Why Israeli settlements debate is heating up again
Critics say the placement and size of a newly proposed Israeli build-out would doom a two-state deal.
Jerusalem — Palestinians seek a state in the West Bank and Gaza with a capital in East Jerusalem, which together represent about 22 percent of historical Palestine. Israel captured those areas in the 1967 war with its Arab neighbors, and has since withdrawn fully only from Gaza.
From the moment of Israel's 1967 victory, successive Israeli administrations have been divided about whether to claim all of the biblical land of Israel, build up settlements only in areas that would provide a security buffer against Arab neighbors, or refrain from building and trade land for peace.
The Israeli public is also divided. The mainstream agrees that major settlement blocs near the 1967 border would be absorbed into Israel under a future peace deal, while the rest of the West Bank would be given to the new Palestinian state.
But many settlers are driven by a conviction that God promised this land to the Jews, and that reclaiming it will usher in the messianic age. They describe settlement activity with a Hebrew word that means to take possession of an inheritance, and argue that no one can barter away that inheritance.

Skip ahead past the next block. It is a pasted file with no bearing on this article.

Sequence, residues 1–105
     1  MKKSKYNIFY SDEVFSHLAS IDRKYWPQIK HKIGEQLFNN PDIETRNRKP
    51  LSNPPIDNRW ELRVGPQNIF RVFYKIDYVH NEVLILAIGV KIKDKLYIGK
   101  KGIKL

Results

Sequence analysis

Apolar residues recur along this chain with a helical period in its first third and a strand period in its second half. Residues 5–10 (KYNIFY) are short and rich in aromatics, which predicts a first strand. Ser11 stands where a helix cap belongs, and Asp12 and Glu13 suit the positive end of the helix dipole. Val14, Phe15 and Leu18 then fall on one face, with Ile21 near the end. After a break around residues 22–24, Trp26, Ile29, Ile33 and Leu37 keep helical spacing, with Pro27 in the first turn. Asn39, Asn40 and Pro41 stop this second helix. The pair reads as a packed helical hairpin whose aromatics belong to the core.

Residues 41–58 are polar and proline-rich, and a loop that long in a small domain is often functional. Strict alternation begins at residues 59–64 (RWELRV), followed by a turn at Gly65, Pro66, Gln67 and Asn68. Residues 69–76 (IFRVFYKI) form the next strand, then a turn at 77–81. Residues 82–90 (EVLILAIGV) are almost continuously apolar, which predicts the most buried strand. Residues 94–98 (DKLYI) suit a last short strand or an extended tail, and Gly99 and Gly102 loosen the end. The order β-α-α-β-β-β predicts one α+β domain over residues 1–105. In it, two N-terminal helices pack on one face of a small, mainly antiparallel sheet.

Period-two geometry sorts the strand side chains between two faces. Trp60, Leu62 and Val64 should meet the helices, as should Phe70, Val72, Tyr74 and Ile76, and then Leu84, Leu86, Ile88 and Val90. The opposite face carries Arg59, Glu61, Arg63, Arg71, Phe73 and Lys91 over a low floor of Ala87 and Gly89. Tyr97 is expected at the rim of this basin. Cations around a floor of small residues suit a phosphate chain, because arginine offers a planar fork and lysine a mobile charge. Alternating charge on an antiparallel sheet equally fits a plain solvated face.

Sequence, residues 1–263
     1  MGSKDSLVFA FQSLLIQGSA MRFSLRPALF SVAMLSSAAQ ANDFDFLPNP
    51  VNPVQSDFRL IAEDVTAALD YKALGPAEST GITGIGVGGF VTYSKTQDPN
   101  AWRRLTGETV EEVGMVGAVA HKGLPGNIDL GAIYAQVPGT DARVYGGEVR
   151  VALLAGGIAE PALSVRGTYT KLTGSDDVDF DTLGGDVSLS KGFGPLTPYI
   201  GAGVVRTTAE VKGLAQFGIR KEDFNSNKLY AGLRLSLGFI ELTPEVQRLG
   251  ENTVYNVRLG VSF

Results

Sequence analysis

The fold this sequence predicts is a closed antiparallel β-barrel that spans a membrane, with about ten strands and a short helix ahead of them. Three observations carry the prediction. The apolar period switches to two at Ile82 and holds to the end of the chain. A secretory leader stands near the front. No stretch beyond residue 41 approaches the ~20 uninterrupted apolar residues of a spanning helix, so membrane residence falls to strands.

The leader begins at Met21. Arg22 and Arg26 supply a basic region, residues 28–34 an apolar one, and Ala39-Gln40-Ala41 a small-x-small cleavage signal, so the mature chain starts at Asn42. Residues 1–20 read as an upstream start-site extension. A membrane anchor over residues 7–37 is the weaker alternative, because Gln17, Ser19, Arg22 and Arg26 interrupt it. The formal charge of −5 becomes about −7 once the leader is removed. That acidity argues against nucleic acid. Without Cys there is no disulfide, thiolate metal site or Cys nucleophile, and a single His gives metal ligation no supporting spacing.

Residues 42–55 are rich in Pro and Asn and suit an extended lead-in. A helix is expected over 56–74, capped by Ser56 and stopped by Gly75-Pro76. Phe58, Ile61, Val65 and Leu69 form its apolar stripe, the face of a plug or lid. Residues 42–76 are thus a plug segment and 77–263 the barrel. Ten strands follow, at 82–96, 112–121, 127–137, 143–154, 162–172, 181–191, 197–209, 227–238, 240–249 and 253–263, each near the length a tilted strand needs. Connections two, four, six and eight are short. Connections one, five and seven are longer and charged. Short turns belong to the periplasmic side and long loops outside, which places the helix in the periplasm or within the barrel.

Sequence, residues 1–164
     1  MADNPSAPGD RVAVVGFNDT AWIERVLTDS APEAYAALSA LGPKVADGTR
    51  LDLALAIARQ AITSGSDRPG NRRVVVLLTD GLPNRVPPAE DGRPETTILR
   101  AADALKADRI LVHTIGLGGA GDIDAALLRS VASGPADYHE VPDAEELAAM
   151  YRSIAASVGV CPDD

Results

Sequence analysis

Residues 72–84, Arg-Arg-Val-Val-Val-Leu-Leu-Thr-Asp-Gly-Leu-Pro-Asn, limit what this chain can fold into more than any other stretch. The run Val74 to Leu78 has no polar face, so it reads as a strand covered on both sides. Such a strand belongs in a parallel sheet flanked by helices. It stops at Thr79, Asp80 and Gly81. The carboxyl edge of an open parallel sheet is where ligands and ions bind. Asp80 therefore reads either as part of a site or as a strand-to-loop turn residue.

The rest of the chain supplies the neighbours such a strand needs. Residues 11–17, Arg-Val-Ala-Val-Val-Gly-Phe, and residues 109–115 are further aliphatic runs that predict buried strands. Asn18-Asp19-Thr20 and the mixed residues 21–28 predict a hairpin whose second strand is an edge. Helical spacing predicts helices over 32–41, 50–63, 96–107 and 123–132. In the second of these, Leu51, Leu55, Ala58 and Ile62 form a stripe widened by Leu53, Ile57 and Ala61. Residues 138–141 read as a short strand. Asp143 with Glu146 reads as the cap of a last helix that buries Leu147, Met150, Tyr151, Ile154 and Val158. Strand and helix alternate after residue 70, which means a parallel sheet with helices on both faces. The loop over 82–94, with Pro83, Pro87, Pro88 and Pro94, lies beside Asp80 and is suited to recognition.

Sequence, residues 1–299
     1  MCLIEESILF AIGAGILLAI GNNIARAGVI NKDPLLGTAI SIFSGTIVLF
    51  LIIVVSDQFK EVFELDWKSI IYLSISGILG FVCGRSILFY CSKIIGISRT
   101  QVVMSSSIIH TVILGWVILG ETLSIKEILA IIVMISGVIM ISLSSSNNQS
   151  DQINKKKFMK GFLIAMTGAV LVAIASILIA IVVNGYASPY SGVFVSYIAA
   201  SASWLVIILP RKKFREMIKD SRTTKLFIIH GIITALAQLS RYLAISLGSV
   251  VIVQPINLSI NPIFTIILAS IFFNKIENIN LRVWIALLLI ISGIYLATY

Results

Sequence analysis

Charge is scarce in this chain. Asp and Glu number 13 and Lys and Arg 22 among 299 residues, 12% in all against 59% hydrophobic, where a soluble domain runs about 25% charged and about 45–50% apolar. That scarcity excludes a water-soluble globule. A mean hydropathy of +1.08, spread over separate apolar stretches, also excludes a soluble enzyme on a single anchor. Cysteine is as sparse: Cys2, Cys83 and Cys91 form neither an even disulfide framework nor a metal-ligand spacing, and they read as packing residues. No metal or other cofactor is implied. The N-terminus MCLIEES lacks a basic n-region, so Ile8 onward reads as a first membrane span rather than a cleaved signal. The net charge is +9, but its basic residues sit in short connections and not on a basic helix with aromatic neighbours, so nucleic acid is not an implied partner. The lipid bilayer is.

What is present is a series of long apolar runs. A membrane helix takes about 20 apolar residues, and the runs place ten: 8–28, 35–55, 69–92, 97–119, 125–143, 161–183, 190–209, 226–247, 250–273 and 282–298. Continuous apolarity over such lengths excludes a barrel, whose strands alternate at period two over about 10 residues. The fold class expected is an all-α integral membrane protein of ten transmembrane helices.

Despite United Nations resolutions declaring settlements to be illegal, the number of Israelis living in East Jerusalem and the West Bank has nearly doubled from 281,000 to more than 550,000 since the 1993 Oslo Accords were signed. Prime Minister Benjamin Netanyahu's government recently announced the approval of 3,000 new housing units to be built in existing settlements, furthering Palestinian anxiety that their future state is looking increasingly like Swiss cheese.
It's not just the numbers, but also the placement of settlements that matters. This is particularly true in and around Jerusalem. In a political game of tick-tack-toe, the Israeli government has fostered the development of Jewish settlements in between Palestinian neighborhoods and recently decided to advance plans to build up the E1 area, which would divide the West Bank and hinder Palestinian access to East Jerusalem. All that would remain would be a north-south Palestinian corridor about 10 miles wide, bisected by an Israeli-controlled road.